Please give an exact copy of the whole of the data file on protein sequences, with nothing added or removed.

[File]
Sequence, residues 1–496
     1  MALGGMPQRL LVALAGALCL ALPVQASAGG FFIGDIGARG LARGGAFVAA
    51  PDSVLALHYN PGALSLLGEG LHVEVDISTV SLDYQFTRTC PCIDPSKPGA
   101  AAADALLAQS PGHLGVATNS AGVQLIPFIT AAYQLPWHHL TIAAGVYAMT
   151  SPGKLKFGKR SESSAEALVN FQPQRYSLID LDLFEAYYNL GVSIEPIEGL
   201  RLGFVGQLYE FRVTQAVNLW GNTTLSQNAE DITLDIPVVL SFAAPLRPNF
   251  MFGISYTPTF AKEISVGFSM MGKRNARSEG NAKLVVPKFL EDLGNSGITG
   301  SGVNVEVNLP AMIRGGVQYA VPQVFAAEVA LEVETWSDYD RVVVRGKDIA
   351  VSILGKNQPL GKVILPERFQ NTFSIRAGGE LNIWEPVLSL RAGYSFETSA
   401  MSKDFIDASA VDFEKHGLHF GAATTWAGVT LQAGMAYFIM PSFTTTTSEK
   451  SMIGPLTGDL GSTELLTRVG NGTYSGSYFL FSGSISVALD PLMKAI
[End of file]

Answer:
Sequence, residues 1–496
     1  MALGGMPQRL LVALAGALCL ALPVQASAGG FFIGDIGARG LARGGAFVAA
    51  PDSVLALHYN PGALSLLGEG LHVEVDISTV SLDYQFTRTC PCIDPSKPGA
   101  AAADALLAQS PGHLGVATNS AGVQLIPFIT AAYQLPWHHL TIAAGVYAMT
   151  SPGKLKFGKR SESSAEALVN FQPQRYSLID LDLFEAYYNL GVSIEPIEGL
   201  RLGFVGQLYE FRVTQAVNLW GNTTLSQNAE DITLDIPVVL SFAAPLRPNF
   251  MFGISYTPTF AKEISVGFSM MGKRNARSEG NAKLVVPKFL EDLGNSGITG
   301  SGVNVEVNLP AMIRGGVQYA VPQVFAAEVA LEVETWSDYD RVVVRGKDIA
   351  VSILGKNQPL GKVILPERFQ NTFSIRAGGE LNIWEPVLSL RAGYSFETSA
   401  MSKDFIDASA VDFEKHGLHF GAATTWAGVT LQAGMAYFIM PSFTTTTSEK
   451  SMIGPLTGDL GSTELLTRVG NGTYSGSYFL FSGSISVALD PLMKAI